It was just past 2 a.m. when a police car slowed down in front of the grounds of the control station. Fearing that the balloon did not yet have enough gas to carry two people, they decided that Winfried Freudenberg should take off by himself. He cut the tether cables and rose up into the night sky. Shortly after launching, the ballast bags rubbed against a high-voltage cable striking sparks and causing a blackout in the neighboring garden settlement. Because gas was leaking, the East German policemen decided against shooting at the fugitive. They feared that the gas might cause an explosion.[7]

The hasty take-off had unexpected consequences. Without the weight of his wife, Winfried Freudenberg rose much faster and higher than he had intended. A reconstruction of his flight route concluded that he flew over the border to West Berlin unnoticed at 20 kilometers an hour and arrived at the Tegel air field where he probably tried to land. But the release cord that was supposed to allow the balloon to open and sink appeared initially not to have functioned. He either lost ballast or he threw it down to the airport to draw attention to his emergency situation. But this loss of weight caused him to rise even higher. Over Tegel he got caught in a northern current, and evidence suggests that he had reached an altitude of at least 2000 meters since that was the height at which this other wind direction was noticeable. Winfried Freudenberg had calculated that the flight would take a good half hour -- instead he was aloft for many hours. Floating at great heights and in freezing temperatures, he cowered over a wooden post above Berlin, first traveling westward, then southward. At daybreak a pedestrian saw him floating over the Teufelsberg hill and thought it was a weather balloon.

At approximately 7:30 in the morning, Winfried Freudenberg flew over the West Berlin district of Zehlendorf. Just another few hundred meters and he would have reached Kleinmachnow and been back in East German territory. The exact cause of the crash is not known, but the West Berlin police surmised that he had in the end managed to let out enough gas to cause the balloon to descend rapidly. Wind currents gave him another boost upward making the balloon brake suddenly. This, in turn, spun Winfried Freudenberg out of his position and caused him to fall to the ground.[8] The empty balloon landed in the branches of a tree on Potsdamer Chaussee at the corner of Spanische Allee. Winfried Freudenberg crashed down into the garden of a villa just a few hundred meters away. Almost every bone in his body was broken and no internal organ was left uninjured. He died immediately.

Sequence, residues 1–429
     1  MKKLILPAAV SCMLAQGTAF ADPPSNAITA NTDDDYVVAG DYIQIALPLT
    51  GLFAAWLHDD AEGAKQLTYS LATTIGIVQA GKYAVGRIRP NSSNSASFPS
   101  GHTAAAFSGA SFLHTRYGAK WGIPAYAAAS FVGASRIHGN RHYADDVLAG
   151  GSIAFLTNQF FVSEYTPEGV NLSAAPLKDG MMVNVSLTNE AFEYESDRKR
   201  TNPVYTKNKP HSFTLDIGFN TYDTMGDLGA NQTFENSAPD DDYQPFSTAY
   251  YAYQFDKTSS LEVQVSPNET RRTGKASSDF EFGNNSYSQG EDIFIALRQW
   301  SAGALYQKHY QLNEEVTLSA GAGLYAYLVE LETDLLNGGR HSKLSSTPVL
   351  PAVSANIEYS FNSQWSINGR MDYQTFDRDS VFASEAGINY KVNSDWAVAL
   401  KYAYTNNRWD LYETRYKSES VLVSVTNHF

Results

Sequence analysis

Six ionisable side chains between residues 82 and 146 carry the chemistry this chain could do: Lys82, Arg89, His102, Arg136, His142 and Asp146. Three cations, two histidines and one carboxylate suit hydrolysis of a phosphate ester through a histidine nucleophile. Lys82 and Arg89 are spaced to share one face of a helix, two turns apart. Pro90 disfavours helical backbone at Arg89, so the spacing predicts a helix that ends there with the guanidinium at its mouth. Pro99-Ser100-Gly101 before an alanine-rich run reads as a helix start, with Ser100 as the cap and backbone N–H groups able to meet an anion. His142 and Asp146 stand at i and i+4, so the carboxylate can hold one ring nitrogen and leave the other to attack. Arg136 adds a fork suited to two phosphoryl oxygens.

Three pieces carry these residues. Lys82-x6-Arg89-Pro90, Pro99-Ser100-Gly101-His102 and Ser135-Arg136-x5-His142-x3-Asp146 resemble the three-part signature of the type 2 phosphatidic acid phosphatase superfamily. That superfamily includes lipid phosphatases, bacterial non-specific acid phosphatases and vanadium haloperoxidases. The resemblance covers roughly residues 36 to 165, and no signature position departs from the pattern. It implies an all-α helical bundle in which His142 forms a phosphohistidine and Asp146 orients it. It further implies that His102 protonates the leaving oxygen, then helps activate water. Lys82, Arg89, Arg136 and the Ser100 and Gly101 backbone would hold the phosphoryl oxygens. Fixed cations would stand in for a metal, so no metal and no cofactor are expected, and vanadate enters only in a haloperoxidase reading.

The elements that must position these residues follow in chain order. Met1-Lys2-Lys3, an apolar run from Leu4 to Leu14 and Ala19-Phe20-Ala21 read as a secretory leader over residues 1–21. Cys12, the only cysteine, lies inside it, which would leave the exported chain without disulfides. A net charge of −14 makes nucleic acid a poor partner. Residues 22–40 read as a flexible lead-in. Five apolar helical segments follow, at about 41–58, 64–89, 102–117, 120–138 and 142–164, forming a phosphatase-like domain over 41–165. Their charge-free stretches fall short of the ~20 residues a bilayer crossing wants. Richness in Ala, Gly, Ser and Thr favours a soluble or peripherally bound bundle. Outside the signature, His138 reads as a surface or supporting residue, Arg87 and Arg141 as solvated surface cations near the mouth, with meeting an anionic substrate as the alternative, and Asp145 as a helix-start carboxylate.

Two men from the East German secret police were waiting for Sabine Freudenberg when she arrived at their apartment in Prenzlauer Berg in the early morning. Personal documents had flown out of the balloon at take-off revealing the couple’s identity and address. Sabine Freudenberg was arrested and interrogated. She was charged with “attempting to breach the border.”

At the same time the East German secret police opened a comprehensive control and surveillance operation against everyone acquainted with the Freudenbergs, including against relatives in the East and in the West, against friends, acquaintances and colleagues from their neighborhood and workplace. They also attempted to investigate western journalists and prevent them from reporting from East Germany.[9] But the effectiveness of all these measures was minimized by the immense shock that this daring escape attempt and its fatal end caused in both the West and the East. Just a few weeks earlier, the East German leaders had signed the Vienna CSCE document which obliged them to respect the right of every individual to leave any country, including his own, and allow for the right of that individual to return to his own country unhindered. The document obliged the country to not only legally guarantee this right, but also to have its implementation monitored.[10] Despite all the counter-measure plans developed by the Stasi, the East German leadership was still having to defend itself to the international world just as it had after Chris Gueffroy was murdered. It was also impossible for the Stasi to keep its dealings with Winfried Freudenberg’s wife a secret.